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Animal behaviourists and trainers play a crucial role in enhancing the well-being of animals and fostering harmonious human-animal relationships. However, the demanding nature of our work can lead to burnout – a state of physical and emotional exhaustion. Burnout affects professionals across many fields, and animal behaviourists and trainers are not exempt. Plenty of research highlights this issue within the veterinary field (Lovell and Lee, 2013; Chigerwe et al., 2014; Neill et al., 2022), but there is a lack of data on animal practitioners within the training and behaviour industry. Consequently, this article explores what burnout is in brief, how it applies to those of us working as animal behaviourists and trainers, and some practical strategies to reduce its likelihood.

Understanding Burnout

Burnout is a psychological condition that arises from chronic workplace stress. It is characterised by emotional exhaustion, depersonalisation, and reduced personal accomplishment. As animal behaviourists and trainers, we often face demanding workloads, emotional strain, and long working hours, which can contribute to burnout. We often encounter challenging cases, deal with difficult animal behaviours, as well as have to handle complex human owner/carer attitudes and beliefs, and often work in unpredictable environments, all of which can take a toll on our well-being.

Some of the most common factors that make animal practitioners susceptible to burnout include but are not limited to:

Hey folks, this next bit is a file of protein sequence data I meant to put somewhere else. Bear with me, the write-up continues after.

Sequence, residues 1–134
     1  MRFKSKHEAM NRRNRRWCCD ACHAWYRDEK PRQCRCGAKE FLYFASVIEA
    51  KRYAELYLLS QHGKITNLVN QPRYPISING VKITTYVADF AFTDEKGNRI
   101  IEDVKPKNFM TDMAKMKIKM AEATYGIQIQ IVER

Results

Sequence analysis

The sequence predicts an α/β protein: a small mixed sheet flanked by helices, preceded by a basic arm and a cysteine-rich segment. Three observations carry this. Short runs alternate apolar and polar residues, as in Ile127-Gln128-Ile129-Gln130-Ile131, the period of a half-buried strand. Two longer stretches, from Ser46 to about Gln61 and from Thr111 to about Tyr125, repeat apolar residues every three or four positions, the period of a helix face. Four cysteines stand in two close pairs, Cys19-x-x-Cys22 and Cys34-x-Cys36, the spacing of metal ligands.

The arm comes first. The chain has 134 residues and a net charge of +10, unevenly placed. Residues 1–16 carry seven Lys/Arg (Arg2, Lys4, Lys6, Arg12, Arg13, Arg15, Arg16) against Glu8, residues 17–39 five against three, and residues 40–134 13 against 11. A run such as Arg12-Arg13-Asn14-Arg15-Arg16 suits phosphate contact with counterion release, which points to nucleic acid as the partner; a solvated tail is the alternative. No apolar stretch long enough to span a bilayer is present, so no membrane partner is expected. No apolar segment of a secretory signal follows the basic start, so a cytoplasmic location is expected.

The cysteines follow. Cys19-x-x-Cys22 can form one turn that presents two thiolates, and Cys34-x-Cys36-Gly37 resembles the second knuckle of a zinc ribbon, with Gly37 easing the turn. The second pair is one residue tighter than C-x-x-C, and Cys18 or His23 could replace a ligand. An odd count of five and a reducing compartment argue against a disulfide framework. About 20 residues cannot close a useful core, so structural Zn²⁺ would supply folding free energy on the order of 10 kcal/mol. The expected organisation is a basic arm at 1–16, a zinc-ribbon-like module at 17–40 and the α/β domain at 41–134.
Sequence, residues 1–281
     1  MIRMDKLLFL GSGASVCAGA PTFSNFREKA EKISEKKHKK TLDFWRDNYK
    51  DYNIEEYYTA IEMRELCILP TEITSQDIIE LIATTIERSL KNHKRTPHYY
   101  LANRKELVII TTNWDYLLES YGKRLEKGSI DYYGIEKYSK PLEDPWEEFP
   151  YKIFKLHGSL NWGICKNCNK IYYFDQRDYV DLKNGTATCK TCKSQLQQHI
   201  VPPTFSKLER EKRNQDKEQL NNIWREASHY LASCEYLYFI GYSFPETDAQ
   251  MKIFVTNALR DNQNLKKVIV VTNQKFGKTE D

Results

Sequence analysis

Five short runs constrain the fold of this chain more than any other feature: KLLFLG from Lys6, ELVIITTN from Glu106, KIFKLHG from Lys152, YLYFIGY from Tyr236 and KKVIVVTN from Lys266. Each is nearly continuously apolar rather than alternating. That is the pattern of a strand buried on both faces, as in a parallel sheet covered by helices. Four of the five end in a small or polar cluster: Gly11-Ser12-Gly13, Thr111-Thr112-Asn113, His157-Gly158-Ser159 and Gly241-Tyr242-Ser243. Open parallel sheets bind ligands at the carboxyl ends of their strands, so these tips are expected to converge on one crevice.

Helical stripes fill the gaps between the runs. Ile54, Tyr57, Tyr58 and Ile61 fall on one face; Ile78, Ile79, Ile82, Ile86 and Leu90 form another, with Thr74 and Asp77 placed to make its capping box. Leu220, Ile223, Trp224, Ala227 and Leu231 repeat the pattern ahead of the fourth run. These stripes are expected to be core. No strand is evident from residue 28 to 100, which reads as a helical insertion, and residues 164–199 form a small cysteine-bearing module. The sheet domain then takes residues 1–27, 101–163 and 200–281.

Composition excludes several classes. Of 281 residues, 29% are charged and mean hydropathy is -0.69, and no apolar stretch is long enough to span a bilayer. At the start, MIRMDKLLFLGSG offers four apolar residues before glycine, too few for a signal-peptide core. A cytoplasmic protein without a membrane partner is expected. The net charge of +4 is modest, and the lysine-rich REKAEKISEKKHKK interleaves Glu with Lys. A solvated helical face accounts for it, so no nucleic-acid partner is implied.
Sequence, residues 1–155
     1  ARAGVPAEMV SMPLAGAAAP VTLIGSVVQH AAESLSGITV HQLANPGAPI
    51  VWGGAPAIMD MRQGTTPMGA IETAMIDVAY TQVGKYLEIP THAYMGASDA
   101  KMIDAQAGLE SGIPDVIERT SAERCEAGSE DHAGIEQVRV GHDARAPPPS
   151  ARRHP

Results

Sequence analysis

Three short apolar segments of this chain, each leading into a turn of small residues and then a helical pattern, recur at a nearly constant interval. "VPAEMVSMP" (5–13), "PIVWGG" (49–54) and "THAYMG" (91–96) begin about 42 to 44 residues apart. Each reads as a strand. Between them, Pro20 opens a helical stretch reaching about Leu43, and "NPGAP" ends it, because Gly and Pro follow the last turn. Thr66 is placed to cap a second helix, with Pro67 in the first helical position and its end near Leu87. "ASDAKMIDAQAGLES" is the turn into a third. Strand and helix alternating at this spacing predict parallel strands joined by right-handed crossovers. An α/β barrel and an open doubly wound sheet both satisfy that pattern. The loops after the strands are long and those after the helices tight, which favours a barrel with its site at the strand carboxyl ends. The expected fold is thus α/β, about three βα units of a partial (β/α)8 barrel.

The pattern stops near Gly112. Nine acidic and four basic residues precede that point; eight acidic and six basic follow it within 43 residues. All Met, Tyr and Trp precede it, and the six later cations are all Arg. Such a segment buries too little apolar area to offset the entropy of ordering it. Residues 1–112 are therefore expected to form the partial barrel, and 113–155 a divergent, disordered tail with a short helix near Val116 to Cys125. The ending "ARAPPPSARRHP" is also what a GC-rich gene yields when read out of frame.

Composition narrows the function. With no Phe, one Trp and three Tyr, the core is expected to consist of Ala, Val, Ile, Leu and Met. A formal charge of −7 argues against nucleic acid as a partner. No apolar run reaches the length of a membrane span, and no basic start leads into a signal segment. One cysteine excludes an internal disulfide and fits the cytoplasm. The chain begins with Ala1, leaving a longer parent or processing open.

1. Emotional Intensity: We work closely with animals and their owners, dealing with emotionally charged situations. We may witness animal suffering, human-animal conflicts, human-human conflicts, and even animal abuse cases, all of which can lead to emotional exhaustion.
  2. High Workload: We typically have multiple clients, each with their own set of unique needs. The fall-out from the COVID-19 pandemic has led to an increase demand services where many more pets were acquired and a combination of unscrupulous breeders, lack of socialisation opportunities and in-person training, along with a rise in inappropriate information being posted on social media platforms, has resulted in an increase in pet behavioural problems being reported and relinquishment to rehoming organisations, particularly for puppies born during this period (Packer et al., 2021). In addition to the demand for services, practitioners are managing appointments, consultations, assessments, training sessions, producing behavioural reports, training plans, veterinary reports plus supporting clients in follow-ups, answering general enquiries and more, can lead to high workloads and increased stress levels. Check out my Iceberg graphic (left) which highlights what practitioners may typically do and what others may only ‘see’.
  3. Physical Demands: Animal behaviourists and trainers frequently engage in physical activities such as handling animals (which may include defensive handling), setting up equipment and classes, conducting training sessions and classes, and addressing behaviour issues in-person and or virtually, and any associated travel. The physical demands of the job, together with balancing home life, children and or animals, plus other commitments, can contribute to fatigue and exhaustion.

Preventing Burnout in Animal Behaviourists and Trainers

Recognising the importance of preventing burnout in our profession is crucial for the well-being of ourselves and those we work with (humans and the animals). While this is not an exhaustive list, below highlights some quick and effective strategies to reduce the likelihood of burnout.

  1. Self-Care: Prioritise self-care practices such as regular exercise, sufficient sleep, and maintaining a healthy diet. For me the latter can be a challenge when grabbing food ‘on the go’, however, to the detriment of myself (see my article ‘Did my pets know I was ill before I did?’), I have learnt that a well-balanced diet is important. Do engage in activities that promote relaxation and stress reduction, such as mindfulness exercises, hobbies, and spending time in nature – away from clients/others.